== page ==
An emergency motion supporting the mayor’s plea for increased powers regarding far-right demonstrations in Liverpool was passed by the city council last night.
In the final meeting of the full council before the local elections in May, councillors gathered to vote on the upcoming budget proposals for the next financial year, and to decide whether or not to support Mayor Joe Anderson’s protest petition to the Home Secretary.
The council passed the 2016/17 budget by a vote of 76 – 3, which will see council taxes in the city rise by 3.99% – the highest possible margin without triggering a referendum.
Elsewhere, the emergency motion passed unanimously by the council was in response to Saturday’s violent scenes outside St George’s Hall following the arrival of the North West Infidels group for a demonstration in Liverpool.
Councillors overwhelmingly backed calls by the mayor for him to be given increased powers by the Home Secretary to ban ‘hate’ marches in the city.
Police and Crime Commissioner, Jane Kennedy, told the council police only have the ability to put restrictions on a demonstration and there is no provision to ban a static protest. However, it is possible to ban all marches in an area for three months.
Commissioner Kennedy added that this would mean “even Merseyside scouts could not parade on St George’s Day if such a ban were applied”.
An amendment proposed by Liberal Democrat Councillor Richard Kemp, calling for the powers to be given to the Police and Crimes Commissioner, was defeated.
Labour Mayor Anderson stated: “If this amendment came from anybody else I would probably support it, but Kemp will look at any opportunity to do something that’s different than what we are proposing.”
A minor amendment suggested by Liberal Councillor Steve Radford was accepted, which called for the motion to include all forms of ‘hate’ demonstration, not just those that are racially-motivated.
On financial matters, Mayor Anderson stressed how well the city had been coping since the introduction of the budget plan two years ago, which forced the council to make cuts of £173million over a three-year period.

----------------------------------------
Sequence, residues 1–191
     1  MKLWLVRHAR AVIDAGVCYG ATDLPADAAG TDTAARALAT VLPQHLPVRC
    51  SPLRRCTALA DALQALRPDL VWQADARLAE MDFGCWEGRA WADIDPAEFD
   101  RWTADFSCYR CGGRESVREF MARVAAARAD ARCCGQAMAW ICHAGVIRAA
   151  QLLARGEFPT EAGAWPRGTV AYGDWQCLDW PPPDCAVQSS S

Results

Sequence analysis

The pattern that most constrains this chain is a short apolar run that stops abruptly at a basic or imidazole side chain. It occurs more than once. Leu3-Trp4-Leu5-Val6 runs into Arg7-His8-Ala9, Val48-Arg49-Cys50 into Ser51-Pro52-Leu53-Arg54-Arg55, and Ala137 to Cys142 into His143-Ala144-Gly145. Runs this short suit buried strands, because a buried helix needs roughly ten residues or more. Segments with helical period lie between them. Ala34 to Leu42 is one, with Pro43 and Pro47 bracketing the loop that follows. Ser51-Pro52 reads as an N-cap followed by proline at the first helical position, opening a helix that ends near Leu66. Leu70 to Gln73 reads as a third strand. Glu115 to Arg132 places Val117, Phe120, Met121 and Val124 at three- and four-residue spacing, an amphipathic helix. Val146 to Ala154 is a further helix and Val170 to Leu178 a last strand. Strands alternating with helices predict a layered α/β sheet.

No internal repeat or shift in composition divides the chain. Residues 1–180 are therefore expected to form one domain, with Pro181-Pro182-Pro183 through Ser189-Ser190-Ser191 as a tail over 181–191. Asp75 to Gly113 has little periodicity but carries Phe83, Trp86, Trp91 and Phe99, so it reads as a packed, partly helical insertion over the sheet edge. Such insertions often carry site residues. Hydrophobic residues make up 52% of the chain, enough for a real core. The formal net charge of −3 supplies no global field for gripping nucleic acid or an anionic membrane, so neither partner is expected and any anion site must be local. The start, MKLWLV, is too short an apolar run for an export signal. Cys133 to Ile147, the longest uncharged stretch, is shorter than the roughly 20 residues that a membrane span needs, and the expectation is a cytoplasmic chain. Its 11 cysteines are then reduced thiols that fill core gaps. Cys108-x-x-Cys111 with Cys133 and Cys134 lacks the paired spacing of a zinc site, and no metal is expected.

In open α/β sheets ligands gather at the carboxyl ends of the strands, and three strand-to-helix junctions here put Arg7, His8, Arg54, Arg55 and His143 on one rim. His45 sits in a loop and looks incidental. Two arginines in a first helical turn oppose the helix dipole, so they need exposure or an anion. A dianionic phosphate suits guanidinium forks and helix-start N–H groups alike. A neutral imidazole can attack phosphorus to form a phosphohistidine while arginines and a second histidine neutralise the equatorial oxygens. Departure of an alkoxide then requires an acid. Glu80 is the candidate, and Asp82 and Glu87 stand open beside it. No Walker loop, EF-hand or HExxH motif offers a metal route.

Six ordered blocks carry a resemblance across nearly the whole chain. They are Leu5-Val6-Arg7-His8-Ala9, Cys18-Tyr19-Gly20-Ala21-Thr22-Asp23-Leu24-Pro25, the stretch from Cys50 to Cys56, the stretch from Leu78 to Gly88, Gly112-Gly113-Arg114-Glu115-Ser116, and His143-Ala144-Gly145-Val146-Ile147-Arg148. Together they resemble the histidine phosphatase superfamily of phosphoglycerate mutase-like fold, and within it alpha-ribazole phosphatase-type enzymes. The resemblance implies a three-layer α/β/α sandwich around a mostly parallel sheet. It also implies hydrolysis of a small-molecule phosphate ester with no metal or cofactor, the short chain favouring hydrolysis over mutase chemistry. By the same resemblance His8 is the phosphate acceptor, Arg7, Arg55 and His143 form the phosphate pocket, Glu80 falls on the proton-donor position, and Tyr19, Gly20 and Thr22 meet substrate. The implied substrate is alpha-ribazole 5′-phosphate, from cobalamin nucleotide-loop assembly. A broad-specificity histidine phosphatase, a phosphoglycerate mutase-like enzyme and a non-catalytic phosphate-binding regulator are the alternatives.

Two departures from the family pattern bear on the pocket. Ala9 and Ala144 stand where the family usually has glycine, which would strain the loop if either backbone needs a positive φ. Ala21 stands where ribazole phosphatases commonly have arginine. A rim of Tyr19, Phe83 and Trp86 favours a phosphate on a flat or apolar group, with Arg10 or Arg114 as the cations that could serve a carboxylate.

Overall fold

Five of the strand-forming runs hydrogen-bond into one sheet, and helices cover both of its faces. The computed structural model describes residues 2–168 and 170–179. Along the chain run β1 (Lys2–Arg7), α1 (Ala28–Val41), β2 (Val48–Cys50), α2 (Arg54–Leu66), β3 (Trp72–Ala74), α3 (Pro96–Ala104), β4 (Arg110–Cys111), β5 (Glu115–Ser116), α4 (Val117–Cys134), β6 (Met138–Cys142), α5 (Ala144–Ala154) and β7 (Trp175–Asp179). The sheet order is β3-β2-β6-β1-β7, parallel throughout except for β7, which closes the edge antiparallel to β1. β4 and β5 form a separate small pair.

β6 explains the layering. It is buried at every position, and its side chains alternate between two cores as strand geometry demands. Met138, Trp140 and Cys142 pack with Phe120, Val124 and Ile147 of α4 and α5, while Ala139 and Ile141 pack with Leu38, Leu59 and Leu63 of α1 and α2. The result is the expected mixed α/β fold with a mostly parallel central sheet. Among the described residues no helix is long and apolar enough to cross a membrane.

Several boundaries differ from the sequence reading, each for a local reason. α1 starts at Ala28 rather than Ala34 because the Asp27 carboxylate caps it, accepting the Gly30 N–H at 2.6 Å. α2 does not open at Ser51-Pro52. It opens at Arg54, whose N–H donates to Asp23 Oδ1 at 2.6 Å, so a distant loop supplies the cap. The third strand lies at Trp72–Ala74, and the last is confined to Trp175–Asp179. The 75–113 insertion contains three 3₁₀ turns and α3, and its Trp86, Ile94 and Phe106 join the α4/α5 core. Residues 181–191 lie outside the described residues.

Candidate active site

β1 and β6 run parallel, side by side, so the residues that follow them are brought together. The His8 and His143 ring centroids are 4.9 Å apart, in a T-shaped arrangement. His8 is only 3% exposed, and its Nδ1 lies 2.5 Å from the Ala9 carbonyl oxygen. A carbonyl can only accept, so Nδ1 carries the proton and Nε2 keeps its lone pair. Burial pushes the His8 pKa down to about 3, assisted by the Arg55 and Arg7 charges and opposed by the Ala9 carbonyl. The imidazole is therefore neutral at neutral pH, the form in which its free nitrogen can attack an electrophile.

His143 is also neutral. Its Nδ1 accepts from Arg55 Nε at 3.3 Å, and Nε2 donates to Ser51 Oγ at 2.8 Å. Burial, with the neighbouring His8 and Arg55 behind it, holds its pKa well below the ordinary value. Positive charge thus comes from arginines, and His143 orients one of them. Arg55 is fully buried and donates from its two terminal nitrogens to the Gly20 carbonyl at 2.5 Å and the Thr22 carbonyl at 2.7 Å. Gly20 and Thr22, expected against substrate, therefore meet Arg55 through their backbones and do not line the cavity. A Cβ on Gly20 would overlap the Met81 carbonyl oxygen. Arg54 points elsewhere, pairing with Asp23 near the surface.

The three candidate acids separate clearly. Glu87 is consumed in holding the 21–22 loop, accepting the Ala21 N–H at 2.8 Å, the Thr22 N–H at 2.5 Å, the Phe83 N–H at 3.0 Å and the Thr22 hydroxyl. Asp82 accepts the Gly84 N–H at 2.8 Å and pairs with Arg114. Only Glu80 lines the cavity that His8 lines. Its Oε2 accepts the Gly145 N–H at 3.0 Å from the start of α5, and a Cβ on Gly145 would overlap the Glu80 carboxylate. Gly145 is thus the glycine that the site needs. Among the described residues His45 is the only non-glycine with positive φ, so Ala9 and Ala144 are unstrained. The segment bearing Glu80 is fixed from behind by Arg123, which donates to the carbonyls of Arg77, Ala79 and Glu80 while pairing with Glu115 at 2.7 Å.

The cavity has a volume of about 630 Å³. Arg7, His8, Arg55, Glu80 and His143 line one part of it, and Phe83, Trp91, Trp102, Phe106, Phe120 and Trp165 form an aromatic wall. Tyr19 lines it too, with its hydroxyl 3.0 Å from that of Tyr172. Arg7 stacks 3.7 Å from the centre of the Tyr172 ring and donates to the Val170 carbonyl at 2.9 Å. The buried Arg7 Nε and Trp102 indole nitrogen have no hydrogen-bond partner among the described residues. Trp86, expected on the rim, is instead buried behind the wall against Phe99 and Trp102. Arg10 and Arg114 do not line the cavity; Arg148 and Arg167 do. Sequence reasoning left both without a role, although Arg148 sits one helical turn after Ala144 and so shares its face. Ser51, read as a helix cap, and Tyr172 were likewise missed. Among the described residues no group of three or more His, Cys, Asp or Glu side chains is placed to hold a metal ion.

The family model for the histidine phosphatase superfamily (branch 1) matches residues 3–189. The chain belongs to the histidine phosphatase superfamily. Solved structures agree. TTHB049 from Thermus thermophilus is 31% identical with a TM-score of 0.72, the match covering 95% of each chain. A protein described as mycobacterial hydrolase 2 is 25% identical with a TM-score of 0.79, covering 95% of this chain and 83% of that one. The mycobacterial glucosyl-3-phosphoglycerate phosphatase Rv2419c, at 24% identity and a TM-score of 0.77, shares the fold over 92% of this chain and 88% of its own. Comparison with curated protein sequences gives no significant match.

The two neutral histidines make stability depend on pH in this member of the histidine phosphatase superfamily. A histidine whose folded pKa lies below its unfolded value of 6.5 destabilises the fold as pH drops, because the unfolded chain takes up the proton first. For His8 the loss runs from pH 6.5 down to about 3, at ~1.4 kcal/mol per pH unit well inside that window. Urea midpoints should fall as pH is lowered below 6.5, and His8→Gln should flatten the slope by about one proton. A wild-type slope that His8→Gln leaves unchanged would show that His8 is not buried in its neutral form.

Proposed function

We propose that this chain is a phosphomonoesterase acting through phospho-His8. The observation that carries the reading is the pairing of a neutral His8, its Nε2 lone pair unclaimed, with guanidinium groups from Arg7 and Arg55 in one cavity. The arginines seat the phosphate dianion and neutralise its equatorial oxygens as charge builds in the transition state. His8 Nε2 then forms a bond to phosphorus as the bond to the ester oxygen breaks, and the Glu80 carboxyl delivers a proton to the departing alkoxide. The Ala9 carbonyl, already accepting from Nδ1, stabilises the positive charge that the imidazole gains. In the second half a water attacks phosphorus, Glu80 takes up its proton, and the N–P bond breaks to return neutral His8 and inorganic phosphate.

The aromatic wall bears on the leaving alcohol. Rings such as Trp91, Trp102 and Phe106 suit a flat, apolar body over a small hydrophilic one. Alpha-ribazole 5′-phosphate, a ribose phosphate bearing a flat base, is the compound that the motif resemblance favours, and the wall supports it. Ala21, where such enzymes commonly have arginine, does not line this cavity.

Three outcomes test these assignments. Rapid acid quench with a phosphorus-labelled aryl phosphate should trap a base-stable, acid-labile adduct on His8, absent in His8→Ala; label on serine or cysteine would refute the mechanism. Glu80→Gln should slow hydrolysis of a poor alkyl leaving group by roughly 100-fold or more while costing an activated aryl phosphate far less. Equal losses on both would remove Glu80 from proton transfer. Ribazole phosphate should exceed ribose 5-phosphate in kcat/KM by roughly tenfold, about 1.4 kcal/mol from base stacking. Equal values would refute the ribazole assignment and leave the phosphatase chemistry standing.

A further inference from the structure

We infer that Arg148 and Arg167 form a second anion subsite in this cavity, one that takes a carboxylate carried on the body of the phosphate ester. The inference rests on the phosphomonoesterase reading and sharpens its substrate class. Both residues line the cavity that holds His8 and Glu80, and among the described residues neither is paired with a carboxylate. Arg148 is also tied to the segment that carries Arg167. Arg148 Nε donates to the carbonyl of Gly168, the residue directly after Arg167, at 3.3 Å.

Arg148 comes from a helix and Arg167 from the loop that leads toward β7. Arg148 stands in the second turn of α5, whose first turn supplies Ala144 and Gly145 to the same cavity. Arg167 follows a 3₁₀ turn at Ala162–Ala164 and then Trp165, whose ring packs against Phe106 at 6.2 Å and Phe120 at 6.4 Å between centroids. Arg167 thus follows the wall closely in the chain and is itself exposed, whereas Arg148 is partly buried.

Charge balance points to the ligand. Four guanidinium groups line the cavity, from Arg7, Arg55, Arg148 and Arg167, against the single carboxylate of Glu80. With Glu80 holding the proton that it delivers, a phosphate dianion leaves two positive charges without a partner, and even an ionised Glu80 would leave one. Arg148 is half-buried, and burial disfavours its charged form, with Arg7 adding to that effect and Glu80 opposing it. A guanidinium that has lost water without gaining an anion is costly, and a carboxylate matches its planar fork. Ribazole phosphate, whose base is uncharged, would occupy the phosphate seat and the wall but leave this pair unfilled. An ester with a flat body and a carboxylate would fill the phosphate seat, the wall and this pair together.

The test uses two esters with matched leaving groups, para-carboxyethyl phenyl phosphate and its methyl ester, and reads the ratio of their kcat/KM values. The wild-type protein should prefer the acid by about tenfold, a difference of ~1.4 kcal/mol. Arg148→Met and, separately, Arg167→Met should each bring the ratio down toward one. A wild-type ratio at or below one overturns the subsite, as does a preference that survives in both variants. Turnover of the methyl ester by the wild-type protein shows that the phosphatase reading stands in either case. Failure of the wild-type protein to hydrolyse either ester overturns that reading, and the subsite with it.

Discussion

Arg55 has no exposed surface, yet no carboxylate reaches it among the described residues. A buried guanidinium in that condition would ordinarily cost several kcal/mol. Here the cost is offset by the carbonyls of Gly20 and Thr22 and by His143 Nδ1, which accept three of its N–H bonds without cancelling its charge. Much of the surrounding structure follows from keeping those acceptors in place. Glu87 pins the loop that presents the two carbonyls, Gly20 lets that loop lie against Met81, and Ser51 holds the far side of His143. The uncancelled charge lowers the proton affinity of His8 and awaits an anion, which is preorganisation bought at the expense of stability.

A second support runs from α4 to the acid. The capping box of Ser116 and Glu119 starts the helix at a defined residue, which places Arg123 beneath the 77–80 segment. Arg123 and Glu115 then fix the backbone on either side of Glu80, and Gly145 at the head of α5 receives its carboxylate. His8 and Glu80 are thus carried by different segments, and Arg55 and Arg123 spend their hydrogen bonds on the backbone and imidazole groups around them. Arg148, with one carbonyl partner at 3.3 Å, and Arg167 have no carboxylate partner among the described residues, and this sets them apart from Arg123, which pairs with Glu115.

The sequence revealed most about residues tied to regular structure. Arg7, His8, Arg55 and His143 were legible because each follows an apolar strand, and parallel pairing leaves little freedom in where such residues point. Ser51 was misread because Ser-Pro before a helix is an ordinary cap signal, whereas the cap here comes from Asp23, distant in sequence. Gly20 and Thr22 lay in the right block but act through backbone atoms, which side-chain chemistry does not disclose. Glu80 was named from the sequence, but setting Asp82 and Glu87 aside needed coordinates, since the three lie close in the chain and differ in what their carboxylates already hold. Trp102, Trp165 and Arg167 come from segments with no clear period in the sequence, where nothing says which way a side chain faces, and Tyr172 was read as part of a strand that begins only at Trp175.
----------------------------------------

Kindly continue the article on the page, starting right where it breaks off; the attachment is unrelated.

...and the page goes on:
Anderson highlighted how his administration had made savings of £55million and £53million in the first two years respectively, with a further £48million to be saved this year.
He said: “The budget takes into account that under this administration has brought £12million extra revenue into our city, but that money cannot be used to create more growth or to provide opportunities, because it’s actually being used to prop up services being attacked and decimated by this government.
“We have massive challenges ahead but we also have massive opportunities and we need to exploit them.”
The Green Party put forward an amendment to the budget, calling for council tax to be raised by 6%, rather than the 3.99% put forward by the administration, which would force a referendum.
Green Party Councillor Tom Crone said: “That would be able to fund 84,100 hours of home care, keeping older residents out of costly residential care or hospital. It would also allow us to allocate an extra £1million to early intervention work with children and young people, to help stop them going into care and added to the already serve budget pressures there.”
However, this motion was rejected, with the majority Labour councillors citing how holding a referendum would cost the city £500,000.
Mayor Anderson went as far as to question why the proposals even came to a motion, as they did not calculate for the introduction of the Living Wage and said: “I’m not supporting the amendment because it’s stupid – it’s cloud cuckoo land stuff.”
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